Obviously, it wouldl be permissible to omit the numbers in the total marking values and the rating equivalents, and merely provide blanks for the insertion of the total rating and the class of the applicant, but it is more convenient to arrange it as we have shown it on the drawing. n

Having described the general plan of the rating sheet, we will now assume the case of an applicant for a position, with the resultant rating, as follows:

During the interview, one having charge of the employment bureaus by questioning the applicant, John Doe, learns that he is a machinist. Consequently, the word Machinist is written down after the word Trade near the top of the rating sheet. Further uestioning` will be assumed as follows: Q. ow long have you worked at the trade? A. Ten years. (Check mark No. l

. on the drawing is placed opposite in the length of experience) Has your experience been all marine, marine in general, mixed, or general only? A. All marine. (Check mark No. 2 is placed in the All marine column at the right-hand side of numeral l0, indicating the years of expe rience) Are you a shop man or an outside man A.. Shop man.

has followed, further questioning is limited to the subi-division of this branch). Q. Can

you run an engine lathe? A. Yes. (Check mark No. 3 is placed down opposite Engine lathe Q. Vertical boring mill? A. No Q. f `Horizontal boring 'mill' A. Yes; Q. Planer? A.v Yes; Q. Shaper and drill? A. Yes;r Q. Anytype ofgrinder? A. No; Q. Ever' do erecting work and bench work? A. Yes; 'Q Did you ever operate screw Having learned this branch of the trade that the applicant machines? A. Yes,.l am familiar with both tooling up and operating.

As fast as the questioner receives the answers, he crossechecks in the blank space opposite the rating of each special kind of work in which the applicant is experienced, making no checks opposite those in which the applicant is inexperienced. By referring to the drawings, it will be seen that the cross-check marks are entered up in accordance with the applicants statements. The rating obtained by the applicant from his length of experience as a machinist gives him forty points, and the sum of his ratings given him from his particular knowledge of particular kinds of shop `work amount to twenty-six points. The applicants total or resultant rating is,therefore, the sum of forty and twenty-six which is sixty-six. At the right of the drawing a checky mark is placed opposite numeral 66, to indicate the total rating of the applicant. `This, however, could be written down by the interviewer in a single blank spacev provided for thepurpose, as previously described. Since sixty-six points are above the required number sixty-one, the applicant is given a rating as a first-class machinist, as indicated by la K cross-check in the upper part of the Rating equivalents column. By following out this plan of rating employees and applicants, it is possible to get a mans resultant rating within a minute or so after the interview commences and since the numerical ratings have been carefully worked out from long" experience with tradesmen, more accuratel results are obtained than if the interviewer were of the highest skill in judging from his personal observation. one unskilled in the art ofhiring men, `can rate the applicant fully as well as a skilled person. Consistent results are', therefore, obtained, which are entirely just, both to the employer and the applicant.

'We have assumed the case of an applicant for a position and the rating of him bythe employer, so as to determine the mans pay and classification. This obviously depends upon the answers given by the applicant, but` in any system the rating of an applicant is likewise depen dent upon his statements.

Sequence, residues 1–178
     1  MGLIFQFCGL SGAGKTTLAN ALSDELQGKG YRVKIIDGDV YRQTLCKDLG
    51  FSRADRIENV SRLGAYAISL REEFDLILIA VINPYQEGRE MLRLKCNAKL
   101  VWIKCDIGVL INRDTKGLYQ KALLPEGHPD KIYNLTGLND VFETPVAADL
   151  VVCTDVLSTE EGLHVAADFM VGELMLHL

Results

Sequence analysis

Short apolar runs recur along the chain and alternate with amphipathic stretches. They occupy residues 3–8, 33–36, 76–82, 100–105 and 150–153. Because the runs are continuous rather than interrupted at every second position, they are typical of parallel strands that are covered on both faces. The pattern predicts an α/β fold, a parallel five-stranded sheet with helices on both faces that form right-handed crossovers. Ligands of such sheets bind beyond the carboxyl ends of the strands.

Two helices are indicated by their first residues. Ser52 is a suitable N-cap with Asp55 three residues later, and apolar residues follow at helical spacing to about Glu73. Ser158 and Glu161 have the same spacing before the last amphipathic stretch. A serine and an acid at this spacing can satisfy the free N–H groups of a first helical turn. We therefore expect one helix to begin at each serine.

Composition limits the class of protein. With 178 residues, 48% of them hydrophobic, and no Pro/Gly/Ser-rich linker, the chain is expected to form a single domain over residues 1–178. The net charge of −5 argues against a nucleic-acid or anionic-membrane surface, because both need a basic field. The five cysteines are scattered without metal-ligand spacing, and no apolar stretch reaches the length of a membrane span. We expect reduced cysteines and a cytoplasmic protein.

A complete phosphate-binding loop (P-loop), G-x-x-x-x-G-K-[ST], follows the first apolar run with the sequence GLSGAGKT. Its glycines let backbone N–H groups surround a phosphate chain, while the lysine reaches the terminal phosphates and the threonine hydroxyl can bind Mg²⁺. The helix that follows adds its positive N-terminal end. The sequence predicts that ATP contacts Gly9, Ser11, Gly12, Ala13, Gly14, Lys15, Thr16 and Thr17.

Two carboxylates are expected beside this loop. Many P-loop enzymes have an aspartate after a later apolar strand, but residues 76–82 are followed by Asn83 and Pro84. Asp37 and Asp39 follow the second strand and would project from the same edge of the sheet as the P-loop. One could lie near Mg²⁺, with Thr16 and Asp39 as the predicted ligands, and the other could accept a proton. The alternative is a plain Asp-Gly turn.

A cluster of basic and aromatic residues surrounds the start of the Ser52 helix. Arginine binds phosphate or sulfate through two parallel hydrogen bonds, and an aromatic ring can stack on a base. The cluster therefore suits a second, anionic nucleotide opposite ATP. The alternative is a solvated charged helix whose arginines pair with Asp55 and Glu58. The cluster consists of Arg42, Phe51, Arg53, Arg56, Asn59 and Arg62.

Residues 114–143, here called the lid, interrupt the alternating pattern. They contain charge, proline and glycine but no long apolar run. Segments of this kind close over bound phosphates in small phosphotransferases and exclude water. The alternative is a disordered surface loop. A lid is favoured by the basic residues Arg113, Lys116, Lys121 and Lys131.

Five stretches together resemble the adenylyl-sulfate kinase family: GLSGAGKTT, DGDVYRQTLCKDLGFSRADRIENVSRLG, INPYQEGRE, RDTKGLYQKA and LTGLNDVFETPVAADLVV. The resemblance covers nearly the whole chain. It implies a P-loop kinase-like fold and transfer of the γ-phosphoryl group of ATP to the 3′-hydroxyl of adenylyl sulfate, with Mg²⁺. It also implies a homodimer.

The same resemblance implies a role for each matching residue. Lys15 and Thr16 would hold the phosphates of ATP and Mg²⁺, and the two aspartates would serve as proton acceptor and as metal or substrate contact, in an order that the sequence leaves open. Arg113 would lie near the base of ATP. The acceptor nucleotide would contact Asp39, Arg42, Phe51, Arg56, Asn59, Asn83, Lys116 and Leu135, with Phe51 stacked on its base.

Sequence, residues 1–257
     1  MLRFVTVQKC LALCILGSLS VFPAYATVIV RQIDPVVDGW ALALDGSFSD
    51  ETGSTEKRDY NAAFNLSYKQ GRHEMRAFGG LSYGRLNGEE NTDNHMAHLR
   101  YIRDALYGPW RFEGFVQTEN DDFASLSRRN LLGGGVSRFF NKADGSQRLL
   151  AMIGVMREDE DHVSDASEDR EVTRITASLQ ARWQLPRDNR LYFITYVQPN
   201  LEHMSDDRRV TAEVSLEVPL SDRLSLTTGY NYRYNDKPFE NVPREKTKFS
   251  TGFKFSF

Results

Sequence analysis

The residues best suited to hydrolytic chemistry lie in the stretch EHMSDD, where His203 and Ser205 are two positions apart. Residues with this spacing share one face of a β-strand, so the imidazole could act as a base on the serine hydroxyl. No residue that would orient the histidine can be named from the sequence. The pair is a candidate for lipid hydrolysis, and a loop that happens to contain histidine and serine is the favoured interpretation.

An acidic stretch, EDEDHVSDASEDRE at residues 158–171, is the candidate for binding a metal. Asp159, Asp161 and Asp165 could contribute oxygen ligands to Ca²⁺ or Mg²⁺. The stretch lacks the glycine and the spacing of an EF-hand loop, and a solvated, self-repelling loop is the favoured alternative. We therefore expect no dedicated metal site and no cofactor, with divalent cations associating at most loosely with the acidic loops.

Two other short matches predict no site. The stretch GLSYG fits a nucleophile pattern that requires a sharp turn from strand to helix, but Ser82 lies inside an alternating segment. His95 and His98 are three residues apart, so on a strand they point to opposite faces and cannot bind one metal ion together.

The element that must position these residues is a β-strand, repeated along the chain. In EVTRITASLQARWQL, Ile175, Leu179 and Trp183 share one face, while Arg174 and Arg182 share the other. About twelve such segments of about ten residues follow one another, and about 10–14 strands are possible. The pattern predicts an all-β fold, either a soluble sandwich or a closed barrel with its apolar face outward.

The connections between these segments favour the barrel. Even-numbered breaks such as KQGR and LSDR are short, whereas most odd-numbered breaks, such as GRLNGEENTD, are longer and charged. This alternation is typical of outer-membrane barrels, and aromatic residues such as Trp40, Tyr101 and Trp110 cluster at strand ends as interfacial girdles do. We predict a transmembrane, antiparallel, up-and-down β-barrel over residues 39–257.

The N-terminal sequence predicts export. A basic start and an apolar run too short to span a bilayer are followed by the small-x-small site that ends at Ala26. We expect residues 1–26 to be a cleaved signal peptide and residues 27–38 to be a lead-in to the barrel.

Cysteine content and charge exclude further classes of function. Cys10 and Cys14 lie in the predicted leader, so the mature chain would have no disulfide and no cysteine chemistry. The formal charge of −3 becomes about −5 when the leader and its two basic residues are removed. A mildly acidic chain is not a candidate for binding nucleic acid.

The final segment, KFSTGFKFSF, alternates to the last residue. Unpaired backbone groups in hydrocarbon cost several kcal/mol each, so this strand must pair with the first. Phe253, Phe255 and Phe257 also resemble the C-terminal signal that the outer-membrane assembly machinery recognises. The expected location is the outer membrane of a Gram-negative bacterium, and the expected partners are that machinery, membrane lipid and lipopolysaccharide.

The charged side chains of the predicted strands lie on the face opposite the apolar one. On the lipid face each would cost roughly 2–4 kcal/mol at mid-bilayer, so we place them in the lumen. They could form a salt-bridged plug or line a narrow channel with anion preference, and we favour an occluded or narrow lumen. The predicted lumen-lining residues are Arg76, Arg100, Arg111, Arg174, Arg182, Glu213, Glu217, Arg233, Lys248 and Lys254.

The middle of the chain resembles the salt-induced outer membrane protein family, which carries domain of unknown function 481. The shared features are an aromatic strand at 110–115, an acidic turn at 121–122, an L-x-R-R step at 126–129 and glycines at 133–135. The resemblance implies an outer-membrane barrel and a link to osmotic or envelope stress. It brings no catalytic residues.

The rating sheet is lfully as useful forrating employeeshas in rating applicants, but in this use of the rating sheet the employee would not be interviewed, as the :foreman or other person in charge is capable of filling out the rating sheet from his own personal knowledge of the employee. The foreman, or other person iilling out the sheet, will not, however, be required to use his individual opinion of the man, but will place down the cross-marks opposite the ratings, just as in the case of the applicant previously described.

It will he apparent that our improved rat- Furthermore,y any ing or classilication sheets can be used in various professions and occupations, and the invention is not to be limited to mechanical trades. The sheets are also capable of use in industrial employment bureaus, in labor unions, in Federal departments and other ofiices. Our improvement will be 'found oi'. particular value in settling and adjusting strikes and various labor disputes and disturbances.

The invention is not limited to the exact details describedl` as these are given by Way of example. Obviously, modifications will be advisable in certain trades, but in general, the system of rating is the same.

Having described our invention, what we desire to claim is:

ln servant rating sheets ior a given occupation, a first column containing numbers to denote the total years of experience o'l a servant in the trade, a parallel column containing numbers indicative of the value of each number of years experience given by the irst column, a third column containing alist of different kinds of Work to be done in the said occupation, a fourth column paralleling the third column, containing numbers indicative of the value of experience in the different kinds of work and a fifth column containing numbers adapted t0 be checked and which checked numbers represent the complete rating of the servant.

In witness whereof, we have hereunto signed our names this 16th day oi April, 1919. i

MAX M. GOLDMAN. EDWIN R. THAYER.

Referenced by
Citing PatentFiling datePublication dateApplicantTitle
US5681046 *Jan 29, 1996Oct 28, 1997Lawrence; Elliot C.Compatibility game
Classifications
U.S. Classification283/48.1
International ClassificationB42D15/00
Cooperative ClassificationB42D15/0046
European ClassificationB42D15/00E1